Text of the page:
Cauda equina syndrome may be caused by a herniated disk, tumor, infection, fracture, or narrowing of the spinal canal

Cauda equina syndrome may be caused by a herniated disk, tumor, infection, fracture, or narrowing of the spinal canal

Cauda equina syndrome is a condition where the spine nerve roots are compressed. If neglected it may lead to incontinence and permanent paralysis of the legs. In Latin, cauda equina means horse’s tail. The nerves at the end of the spine are spread out, to resemble a horse’s tail. Located in the lumbosacral spine, these nerves send and receive messages from legs, feet and pelvic organs.


Cauda equina syndrome may occur due raptured disk in the lumbar area, narrowed spinal canal (stenosis), lesions or tumors in the spine, infection or hemorrhage of the spine, and abnormal connection between blood vessels.


Cauda equina syndrome features symptoms of severe low back pain, pain and numbness in one or both the legs, loss of sensation in the legs and buttocks, problem with bladder or bowel function, and sexual dysfunction.


Cauda equina syndrome is characterized by varying degree of saddle anaesthesia, sphincter dysfunction resulting in fecal incontinence, urinary retention and paraplegia. Damage to nerve roots of cauda equina following spinal anaesthesia may occur due to compression, inflammation, stretching due to abnormal position, direct trauma, and spinal ischaemia or as a result of neurotoxicity of local anaesthetics.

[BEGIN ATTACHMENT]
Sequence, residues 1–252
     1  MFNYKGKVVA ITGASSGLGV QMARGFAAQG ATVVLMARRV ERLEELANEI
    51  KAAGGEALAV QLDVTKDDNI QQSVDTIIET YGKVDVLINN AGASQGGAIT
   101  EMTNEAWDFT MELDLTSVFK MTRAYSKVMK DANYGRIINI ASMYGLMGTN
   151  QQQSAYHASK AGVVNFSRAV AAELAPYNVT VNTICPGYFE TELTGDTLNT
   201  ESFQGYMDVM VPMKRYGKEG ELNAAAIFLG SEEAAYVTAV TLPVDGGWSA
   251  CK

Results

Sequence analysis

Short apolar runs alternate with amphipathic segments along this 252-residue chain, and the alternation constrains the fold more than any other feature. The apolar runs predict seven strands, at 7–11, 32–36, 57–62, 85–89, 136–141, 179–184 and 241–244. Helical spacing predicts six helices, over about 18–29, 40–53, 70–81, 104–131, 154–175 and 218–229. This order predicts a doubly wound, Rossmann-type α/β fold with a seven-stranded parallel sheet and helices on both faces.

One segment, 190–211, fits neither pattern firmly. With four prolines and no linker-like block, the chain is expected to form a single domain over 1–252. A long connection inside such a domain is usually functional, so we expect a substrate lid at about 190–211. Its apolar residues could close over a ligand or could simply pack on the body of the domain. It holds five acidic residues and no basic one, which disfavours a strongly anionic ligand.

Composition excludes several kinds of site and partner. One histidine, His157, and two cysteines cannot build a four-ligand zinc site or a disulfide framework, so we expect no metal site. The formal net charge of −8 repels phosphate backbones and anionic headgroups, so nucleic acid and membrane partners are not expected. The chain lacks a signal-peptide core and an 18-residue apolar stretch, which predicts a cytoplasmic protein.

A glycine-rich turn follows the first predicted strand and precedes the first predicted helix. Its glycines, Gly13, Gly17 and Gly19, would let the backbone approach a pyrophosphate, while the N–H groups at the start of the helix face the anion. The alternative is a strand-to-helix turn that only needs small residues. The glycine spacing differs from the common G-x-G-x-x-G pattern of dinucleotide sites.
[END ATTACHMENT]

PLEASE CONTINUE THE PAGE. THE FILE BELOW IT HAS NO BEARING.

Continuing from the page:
The doctor studies the medical history of the patient, and conducts a physical exam to assess the strength, reflexes, sensation, stability, alignment and motion of the patient’s body. An MRI scan helps the doctor to study the three dimensional images of the spine. An X-ray as well as CT scan may also be suggested to get a detailed view of the spinal cord or nerves condition.


The immediate treatment for Cauda equina syndrome includes surgery to relieve pressure on the nerves. Surgery is essential, as it would help in preventing further damage such as paralysis of the legs and loss of bladder or bowel control. The surgery is followed by high doses of corticosteroids that help to reduce the nerve swelling. Antibiotics for infection, radiation or chemotherapy for tumors may also be advised.

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